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Feature Medicine and the Media

Pop a million happy pills? Antidepressants, nuance, and the media

BMJ 2018; 360 doi: https://doi.org/10.1136/bmj.k1069 (Published 09 March 2018) Cite this as: BMJ 2018;360:k1069
  1. Kate Adlington, clinical editor, The BMJ
  1. kadlington{at}bmj.com

Given the news reports, you’d be forgiven for thinking that the Lancet’s recent meta-analysis was the last word on drug treatment for depression, but Kate Adlington finds that the debate is far from over

“Pop more happy pills,” screamed the Sun’s front page on 22 February. It referred to the first major network meta-analysis comparing 21 antidepressants for acute depression in adults, published in the Lancet.1 All were found to be more effective than placebo for short term treatment.2

“Antidepressants: major study finds they work,” said the BBC. “The drugs do work: antidepressants are effective, study shows,” announced Sarah Boseley in the Guardian,3 in contrast to her coverage of a previous meta-analysis almost a decade ago: “Prozac, used by 40m people, does not work say scientists.”45

Many news outlets called for more prescribing: “Antidepressants should be given to a million more Britons,” instructed the Telegraph.6 But what about overtreatment, let alone the practical and financial implications?

Prescribing practice

More importantly, what about the evidence? The study did not consider prescribing practice; neither did it mention a million untreated people. In fact, the paper’s coauthor John Geddes had mentioned this figure in an interview with the Guardian: “It is likely that at least one million more people per year [in the UK] should have access to effective treatment for depression, either drugs or psychotherapy.”3 The headlines missed his nuance, and the legitimacy of his numbers has been questioned.7

Press coverage was rich in generalisation, despite the limitations given in the Lancet’s press release. The Sun said that “pills were up to 113 per cent more likely to tackle depression than no treatment at all”8—but only amitriptyline had the highest odds ratio of 2.13. And few news reports differentiated mild depression from the more severe symptoms of most study participants.

Largely they also omitted to mention the small effect sizes, side effects, the predominance of pharma sponsored trials, or other treatment options such as psychotherapy or cognitive behavioural therapy.

The Daily Mail later devoted two pages to caution.9 James Davies, a member of the Council for Evidence-based Psychiatry which publicises the risks of psychiatric drugs, emphasised that the average length of prescription for people taking antidepressants is much longer than the two month courses studied.9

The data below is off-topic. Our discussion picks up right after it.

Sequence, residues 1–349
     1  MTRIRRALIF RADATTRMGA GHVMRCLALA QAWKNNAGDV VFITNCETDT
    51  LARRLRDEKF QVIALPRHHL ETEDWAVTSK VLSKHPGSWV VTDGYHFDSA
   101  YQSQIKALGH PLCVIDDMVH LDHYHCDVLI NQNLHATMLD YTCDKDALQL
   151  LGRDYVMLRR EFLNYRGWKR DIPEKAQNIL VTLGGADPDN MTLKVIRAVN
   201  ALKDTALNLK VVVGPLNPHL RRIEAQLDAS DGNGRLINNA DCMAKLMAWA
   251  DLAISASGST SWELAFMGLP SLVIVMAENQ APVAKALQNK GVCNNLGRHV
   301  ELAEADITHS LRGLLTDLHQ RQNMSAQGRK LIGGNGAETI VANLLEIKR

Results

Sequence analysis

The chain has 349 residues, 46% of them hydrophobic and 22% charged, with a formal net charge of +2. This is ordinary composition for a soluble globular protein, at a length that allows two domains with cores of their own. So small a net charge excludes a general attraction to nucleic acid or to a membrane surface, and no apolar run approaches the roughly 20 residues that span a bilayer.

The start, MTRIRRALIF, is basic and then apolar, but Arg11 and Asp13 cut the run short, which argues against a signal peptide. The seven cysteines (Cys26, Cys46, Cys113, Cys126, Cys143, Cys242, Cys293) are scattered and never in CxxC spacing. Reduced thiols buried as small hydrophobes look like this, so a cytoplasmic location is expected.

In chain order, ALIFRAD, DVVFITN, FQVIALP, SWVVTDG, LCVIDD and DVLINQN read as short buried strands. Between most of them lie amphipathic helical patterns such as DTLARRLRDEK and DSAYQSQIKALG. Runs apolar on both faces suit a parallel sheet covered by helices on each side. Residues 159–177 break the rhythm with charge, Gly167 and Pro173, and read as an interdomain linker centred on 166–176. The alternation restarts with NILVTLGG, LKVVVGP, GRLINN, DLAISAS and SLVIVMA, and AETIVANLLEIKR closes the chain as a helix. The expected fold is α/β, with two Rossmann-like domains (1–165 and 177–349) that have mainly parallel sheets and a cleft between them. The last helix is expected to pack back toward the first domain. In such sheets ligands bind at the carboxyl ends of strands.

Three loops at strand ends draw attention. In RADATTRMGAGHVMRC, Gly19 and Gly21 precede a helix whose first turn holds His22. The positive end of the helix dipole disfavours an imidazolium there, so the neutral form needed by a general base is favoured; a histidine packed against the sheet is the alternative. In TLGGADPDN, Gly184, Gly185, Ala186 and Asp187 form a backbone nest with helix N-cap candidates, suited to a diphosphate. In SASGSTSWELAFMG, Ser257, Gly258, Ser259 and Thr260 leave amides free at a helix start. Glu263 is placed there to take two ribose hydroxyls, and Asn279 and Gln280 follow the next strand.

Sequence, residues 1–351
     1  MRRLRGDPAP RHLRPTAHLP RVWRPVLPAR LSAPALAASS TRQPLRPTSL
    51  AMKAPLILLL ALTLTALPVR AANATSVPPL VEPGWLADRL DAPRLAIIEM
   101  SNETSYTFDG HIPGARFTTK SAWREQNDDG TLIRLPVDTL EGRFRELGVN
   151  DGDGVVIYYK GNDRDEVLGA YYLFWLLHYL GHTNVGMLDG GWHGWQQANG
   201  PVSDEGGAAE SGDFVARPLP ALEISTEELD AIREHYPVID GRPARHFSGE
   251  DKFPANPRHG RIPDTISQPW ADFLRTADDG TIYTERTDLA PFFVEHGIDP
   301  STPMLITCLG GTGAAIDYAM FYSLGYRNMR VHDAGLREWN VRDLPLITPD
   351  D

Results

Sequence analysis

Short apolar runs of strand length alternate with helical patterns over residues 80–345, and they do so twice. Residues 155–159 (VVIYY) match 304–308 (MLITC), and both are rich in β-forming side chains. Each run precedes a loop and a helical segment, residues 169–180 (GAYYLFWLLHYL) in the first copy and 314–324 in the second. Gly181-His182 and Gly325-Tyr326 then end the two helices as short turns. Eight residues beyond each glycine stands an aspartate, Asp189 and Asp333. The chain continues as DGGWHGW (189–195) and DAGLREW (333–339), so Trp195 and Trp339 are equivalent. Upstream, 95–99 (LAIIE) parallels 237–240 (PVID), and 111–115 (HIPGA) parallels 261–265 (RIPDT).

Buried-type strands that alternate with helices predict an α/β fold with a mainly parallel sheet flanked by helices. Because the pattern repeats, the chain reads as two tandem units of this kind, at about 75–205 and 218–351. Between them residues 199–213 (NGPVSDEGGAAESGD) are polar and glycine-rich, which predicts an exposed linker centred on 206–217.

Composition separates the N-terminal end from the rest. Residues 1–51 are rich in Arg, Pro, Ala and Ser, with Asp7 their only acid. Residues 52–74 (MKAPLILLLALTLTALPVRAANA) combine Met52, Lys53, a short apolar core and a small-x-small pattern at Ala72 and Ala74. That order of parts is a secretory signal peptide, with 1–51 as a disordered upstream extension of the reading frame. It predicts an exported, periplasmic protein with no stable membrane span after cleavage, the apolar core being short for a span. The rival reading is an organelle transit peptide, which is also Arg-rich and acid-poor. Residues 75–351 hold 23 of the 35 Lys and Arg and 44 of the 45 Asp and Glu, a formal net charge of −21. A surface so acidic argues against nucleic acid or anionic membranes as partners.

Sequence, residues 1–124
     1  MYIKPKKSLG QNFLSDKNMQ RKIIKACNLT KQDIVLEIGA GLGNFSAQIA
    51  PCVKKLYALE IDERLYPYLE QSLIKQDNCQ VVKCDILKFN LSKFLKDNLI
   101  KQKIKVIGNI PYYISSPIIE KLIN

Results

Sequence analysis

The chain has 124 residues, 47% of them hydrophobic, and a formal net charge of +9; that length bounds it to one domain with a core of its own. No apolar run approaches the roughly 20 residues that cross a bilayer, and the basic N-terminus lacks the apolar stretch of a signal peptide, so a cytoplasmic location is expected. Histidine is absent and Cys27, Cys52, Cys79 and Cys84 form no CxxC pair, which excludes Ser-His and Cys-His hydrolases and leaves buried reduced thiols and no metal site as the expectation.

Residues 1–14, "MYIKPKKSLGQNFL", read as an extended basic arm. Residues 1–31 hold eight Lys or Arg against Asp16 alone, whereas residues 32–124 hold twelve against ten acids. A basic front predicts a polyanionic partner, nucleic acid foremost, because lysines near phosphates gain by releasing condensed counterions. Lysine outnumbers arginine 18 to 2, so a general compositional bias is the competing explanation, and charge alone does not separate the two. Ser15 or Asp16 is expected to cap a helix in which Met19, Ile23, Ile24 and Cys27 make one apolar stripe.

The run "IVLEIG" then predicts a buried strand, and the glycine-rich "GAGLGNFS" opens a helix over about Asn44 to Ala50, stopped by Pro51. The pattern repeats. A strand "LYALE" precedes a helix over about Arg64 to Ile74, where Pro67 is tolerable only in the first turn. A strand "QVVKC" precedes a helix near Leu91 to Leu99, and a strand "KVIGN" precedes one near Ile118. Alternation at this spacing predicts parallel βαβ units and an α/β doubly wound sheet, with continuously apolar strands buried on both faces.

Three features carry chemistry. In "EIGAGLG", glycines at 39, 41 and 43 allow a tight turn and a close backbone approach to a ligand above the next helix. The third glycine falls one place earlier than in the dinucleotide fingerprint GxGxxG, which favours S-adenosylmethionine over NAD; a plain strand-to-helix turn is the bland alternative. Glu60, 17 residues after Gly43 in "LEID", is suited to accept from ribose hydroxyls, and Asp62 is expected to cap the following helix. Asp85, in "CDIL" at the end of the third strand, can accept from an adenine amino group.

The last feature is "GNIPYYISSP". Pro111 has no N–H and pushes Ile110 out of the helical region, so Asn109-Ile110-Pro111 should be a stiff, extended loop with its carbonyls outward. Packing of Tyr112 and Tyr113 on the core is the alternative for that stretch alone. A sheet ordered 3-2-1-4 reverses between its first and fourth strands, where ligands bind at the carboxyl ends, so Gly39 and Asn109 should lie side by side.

Professional endorsement

The study finding morphed into a media message that all antidepressants are effective in all depression. Nonetheless, the psychiatric and research communities seemed cautiously to confirm that the positive media coverage was justified.

Carmine Pariante, for the Royal College of Psychiatrists, decreed, “This meta-analysis finally puts to bed the controversy on antidepressants.”10 Results from many previous antidepressant studies have been scattered and inconsistent (an “evidence myth constructed from a thousand randomized trials”11).

The network meta-analysis made the largest amount of published and unpublished data to date available for scrutiny. Allan Young, psychiatry professor at King’s College London, is on balance confident about the findings. “Network meta-analyses are now widely accepted but depend on the data put in,” he told The BMJ. “This study used a large amount of high quality data so it can be trusted.”

Practical advice came from Helen Stokes-Lampard, chair of the Royal College of General Practitioners: “Although antidepressants are of proven benefit—as this study shows—no doctor wants their patients to become reliant on medication; so, where possible, GPs will explore alternative treatments, such as talking therapies or CBT.”2 But given long waiting times for NHS psychological and mental health services, antidepressants could help in the short term.

Ideological debate

The ideological debate about the use of antidepressants has long been fervent and polarised. Many people, including some psychiatrists, dispute that depression can be treated with drugs rather than by resolving underlying social determinants. Few declare their financial or ideological interests when commenting on research. It is unlikely that any study will settle the matter for these opponents; the London consultant psychiatrist Derek Summerfield suggested recently that doctors prescribe antidepressants “by reflex” when they can’t help a patient’s “social predicament.”12

The study may well move the debate forward for patients. The hashtags #medsworkedforme and #medsdidntworkforme were trending soon after publication. Geddes and Andrea Cipriani, another of the authors, told The BMJ, “Perhaps the most striking media outcome for all of us was the Twitter conversation. This seemed to reflect the true lived experience of people with depression and we find the tweets both humbling and moving. A step forward to fight stigma in mental health.”

Footnotes

  • Competing interests: I have read and understood BMJ policy on declaration of interests and declare that I’m a psychiatry trainee and sit on the professional practice and ethics committee at the Royal College of Psychiatry.

  • Provenance and peer review: Commissioned; not externally peer reviewed.

References

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